Author/Compiler: Wade Goodwin
An alternative form of the same myth was built around the British and Afrikaner understandings of the Mfecane. The Mfecane, translated roughly as ‘the crushing’, was a time of great political upheaval in the Zulu Kingdom in the first half of the nineteenth century. The British and the Afrikaner used the Mfecane to argue that the land they were occupying had been “deserted.”
A map of the rise of the Zulu Empire under Shaka during the Mfecane. Source
In the 1850s, when the British began to consolidate the colony of Natal, in what is today, Kwa-Zulu Natal, they claimed that only 4 000 to 5 000 inhabitants of the land were actually ‘indigenous’ inhabitants who had a right to that land. The rest of the Zulus living in the area, or moving into it in large droves, were “interlopers”, either refugee fleeing the despotic rule of Shaka or Zulus returning to their old homelands after Shaka’s Mfecane, which had begun in around 1815 and only came to an end around 1840.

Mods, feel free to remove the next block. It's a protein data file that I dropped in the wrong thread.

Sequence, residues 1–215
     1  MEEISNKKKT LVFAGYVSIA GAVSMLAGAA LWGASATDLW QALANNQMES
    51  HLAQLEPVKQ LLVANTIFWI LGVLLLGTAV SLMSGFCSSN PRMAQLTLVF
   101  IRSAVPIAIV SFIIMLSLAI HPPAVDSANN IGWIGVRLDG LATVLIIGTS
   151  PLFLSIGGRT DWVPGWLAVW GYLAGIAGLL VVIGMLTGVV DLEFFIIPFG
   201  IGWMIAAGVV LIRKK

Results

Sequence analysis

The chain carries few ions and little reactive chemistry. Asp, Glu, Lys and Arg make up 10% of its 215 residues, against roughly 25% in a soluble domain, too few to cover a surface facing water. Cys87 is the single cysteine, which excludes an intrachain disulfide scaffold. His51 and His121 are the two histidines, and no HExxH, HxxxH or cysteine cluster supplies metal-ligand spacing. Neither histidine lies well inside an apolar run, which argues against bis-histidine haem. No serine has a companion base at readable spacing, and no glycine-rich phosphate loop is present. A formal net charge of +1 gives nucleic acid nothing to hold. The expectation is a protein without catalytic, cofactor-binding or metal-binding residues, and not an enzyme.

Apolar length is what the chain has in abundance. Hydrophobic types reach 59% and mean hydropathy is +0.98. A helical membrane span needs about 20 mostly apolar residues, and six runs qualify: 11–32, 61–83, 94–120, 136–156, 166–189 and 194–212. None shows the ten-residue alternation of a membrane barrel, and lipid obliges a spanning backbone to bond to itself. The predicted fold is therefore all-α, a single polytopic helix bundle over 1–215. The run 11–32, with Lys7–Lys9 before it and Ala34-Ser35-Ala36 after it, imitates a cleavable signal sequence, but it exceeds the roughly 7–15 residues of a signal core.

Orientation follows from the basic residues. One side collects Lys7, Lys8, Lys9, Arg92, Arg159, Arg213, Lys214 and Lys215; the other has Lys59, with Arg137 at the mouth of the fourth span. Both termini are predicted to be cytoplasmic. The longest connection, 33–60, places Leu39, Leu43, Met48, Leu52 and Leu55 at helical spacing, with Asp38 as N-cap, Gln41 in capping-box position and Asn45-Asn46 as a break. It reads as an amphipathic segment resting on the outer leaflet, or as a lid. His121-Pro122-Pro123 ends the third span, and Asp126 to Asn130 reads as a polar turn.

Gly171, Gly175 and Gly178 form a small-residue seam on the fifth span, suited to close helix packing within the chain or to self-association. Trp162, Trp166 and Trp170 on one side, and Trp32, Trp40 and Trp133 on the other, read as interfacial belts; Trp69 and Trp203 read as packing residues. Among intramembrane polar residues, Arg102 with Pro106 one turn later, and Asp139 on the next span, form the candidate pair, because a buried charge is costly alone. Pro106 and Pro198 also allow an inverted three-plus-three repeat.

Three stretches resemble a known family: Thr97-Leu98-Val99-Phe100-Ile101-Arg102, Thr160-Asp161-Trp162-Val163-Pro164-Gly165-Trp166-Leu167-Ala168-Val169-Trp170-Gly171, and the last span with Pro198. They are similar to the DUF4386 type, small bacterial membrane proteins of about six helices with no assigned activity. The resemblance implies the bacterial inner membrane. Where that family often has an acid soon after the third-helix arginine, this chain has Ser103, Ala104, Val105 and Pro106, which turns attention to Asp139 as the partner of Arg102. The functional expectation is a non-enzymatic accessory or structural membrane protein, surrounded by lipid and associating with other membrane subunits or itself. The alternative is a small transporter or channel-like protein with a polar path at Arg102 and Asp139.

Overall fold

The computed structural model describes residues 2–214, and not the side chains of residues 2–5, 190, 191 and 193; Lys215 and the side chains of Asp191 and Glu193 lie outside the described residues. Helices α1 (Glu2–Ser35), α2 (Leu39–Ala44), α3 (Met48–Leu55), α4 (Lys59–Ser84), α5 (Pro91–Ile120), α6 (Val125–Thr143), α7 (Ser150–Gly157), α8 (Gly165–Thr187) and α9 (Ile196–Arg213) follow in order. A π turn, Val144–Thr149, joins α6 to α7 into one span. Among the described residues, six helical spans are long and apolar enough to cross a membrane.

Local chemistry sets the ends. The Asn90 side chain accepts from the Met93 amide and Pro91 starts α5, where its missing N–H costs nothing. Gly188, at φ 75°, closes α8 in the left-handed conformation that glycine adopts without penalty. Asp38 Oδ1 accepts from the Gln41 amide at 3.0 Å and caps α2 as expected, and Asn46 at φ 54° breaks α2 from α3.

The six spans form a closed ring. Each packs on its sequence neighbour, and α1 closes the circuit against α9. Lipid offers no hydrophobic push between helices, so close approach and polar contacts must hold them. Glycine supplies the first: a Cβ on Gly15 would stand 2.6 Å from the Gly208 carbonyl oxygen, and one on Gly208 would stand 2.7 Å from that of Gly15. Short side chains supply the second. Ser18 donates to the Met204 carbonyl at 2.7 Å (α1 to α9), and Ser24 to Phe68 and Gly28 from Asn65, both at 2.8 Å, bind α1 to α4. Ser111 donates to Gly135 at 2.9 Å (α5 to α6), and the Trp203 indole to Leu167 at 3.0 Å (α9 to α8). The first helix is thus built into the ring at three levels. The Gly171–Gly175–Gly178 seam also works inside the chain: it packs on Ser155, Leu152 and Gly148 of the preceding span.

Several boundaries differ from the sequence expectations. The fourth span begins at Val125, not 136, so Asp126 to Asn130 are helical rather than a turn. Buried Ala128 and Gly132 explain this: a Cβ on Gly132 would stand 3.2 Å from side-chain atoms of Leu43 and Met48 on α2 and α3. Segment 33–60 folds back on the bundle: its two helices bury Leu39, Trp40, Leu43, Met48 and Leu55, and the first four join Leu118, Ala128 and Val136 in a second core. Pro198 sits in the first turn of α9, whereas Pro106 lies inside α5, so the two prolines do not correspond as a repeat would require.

Although the latter was understood by the British to be returning to their own lands, the British claimed that “Kafirs have little attachment to any particular locality”, implying that the Zulu’s would not mind moving to any land and therefore had no particular claim to the land the British had taken. In light of this, the British claimed that much of Natal had been ‘vacant land at the time of colonisation and therefore the British had a right to claim it.
For the most part, they respected the land claims of the Boers who had entered the region just before British colonisation (although these Boers had to submit to British rule), but they used the narrative of refugees and the claim that Zulus were not attached to their land to argue that up to 40 000 Zulus should be removed from the Natal Colony.
When the Afrikaner Trek Boers reached the Vaal Highveld after their incursion across South Africa from the Cape, they made a similar argument to the British to justify their claims to the land in the Highveld. They claimed, that upon their arrival- the region was almost devoid of any African inhabitants- because, the “thinking went,” they had all fled in the face of the Mfecane. The Boers believed that the land was deserted and abandoned and therefore theirs for the taking. Part of the Afrikaner Boers mythology also claimed that the Boers had rescued the few scattered tribes of the region by giving them protection against the forces of Shaka. This myth of a Vaal region that was deserted by the Bantu is one that still has many proponents in some Afrikaner communities.
George M. Theal, 1890s Source
Part III and IV to follow: